Consultation on reforming the scheme

At the time of its launch in 2013 the Government said that it would review the operation of GASDS after three years. Following a call for evidence from stakeholders, in April 2016 the Government published proposals for reforming the scheme.[5] In August the Government confirmed that responses had been ‘generally positive’, and it would legislate to simplify the compliance criteria, and to relax the community building rules, though in future charities would be entitled to a top-up payment for donations raised in eligible community buildings or for donations under the single main allowance, not for both. Finally, GASDS would be extended to include donations made by ‘contactless payments’.[6]  These changes would take effect from 6 April 2017.

HMRC has published an impact assessment on these reforms: this estimates that the measures to simplify GASDS “could benefit up to 71,000 charities that currently claim Gift Aid.” Restricting charities’ claims to either the main allowance or community buildings allowance is estimated to impact “up to 3,000 charities.” Overall the changes are anticipated to “decrease receipts by approximately £15m per annum.”[7]

The Bill

In the Queen’s Speech on 18 May 2016 the Government confirmed that it would introduce legislation in the 2016-17 Session to reform GASDS “to ensure it supports the maximum number of charities and donations possible.”[8]

The Small Charitable Donations and Childcare Payments Bill (Bill 68 of 2016-17) was published on 14 September. The Bill is short, with 9 clauses. It extends to the whole of the UK. The text of the Bill, explanatory notes on its provisions, and details of its Parliamentary scrutiny are collated on its Parliament page.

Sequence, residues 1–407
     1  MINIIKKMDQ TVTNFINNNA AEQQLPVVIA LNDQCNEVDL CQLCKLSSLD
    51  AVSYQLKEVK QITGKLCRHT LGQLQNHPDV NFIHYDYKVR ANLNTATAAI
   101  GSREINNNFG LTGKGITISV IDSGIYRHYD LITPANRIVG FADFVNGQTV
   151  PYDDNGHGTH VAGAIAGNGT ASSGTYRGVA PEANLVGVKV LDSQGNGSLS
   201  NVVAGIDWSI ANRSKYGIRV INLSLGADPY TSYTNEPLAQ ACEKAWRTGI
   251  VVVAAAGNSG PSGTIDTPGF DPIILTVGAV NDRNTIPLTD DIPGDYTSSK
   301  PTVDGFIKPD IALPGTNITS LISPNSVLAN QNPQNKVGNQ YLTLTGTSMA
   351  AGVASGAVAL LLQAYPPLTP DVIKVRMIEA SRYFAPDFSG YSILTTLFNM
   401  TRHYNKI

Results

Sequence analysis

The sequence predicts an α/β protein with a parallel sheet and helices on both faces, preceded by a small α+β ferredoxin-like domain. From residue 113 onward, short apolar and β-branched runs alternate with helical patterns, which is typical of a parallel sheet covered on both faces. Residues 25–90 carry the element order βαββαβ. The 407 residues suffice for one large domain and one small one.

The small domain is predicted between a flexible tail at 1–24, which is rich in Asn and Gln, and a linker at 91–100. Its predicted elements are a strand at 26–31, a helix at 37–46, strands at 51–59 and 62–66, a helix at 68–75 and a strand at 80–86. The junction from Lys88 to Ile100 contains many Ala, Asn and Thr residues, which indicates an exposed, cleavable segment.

The Bill was given a Second Reading on 11 October, and was considered in Public Bill Committee over a single sitting on 18 October. The Government did not table any amendments to the Bill, and the Bill was agreed without amendment.  The Bill was not amended on Report, and has completed its scrutiny in the Lords, again without amendment. It received Royal Assent on 16 January 2017.


[1]     Donors need to confirm that they had paid, or will have paid, income tax and/or capital gains tax of at least the amount of Gift Aid that the organisation will claim on their donation in any given tax year. For details see, HMRC, Gift Aid declarations: claiming tax back on donations, January 2016.

[2]     HC Deb 23 March 2011 c962

[3]     For more background on the development of GASDS see, Library Briefing paper 12/45, 14 August 2012.

[4]     For more guidance see, HMRC, Claiming a top-up payment on small charitable donations, March 2016.

[5]     Gift Aid Small Donations Scheme consultation, 20 April 2016. Responses were invited by 1 July 2016.

[6]     HMRC, Gift Aid Small Donations Scheme – summary of responses, 10 August 2016

[7]     HMRC, Small Charitable Donations and Childcare Payments Bill: Impact Assessment, September 2016 p2, p6. The Autumn Statement estimates this measure will cost £10m in 2018/19, rising to £20m by 2021/22 (Autumn Statement, Cm 9362, November 2016 Table 2.1 – item 40).

[8]     Cabinet Office, Queen’s Speech 2016: background briefing notes, 18 May 2016 p46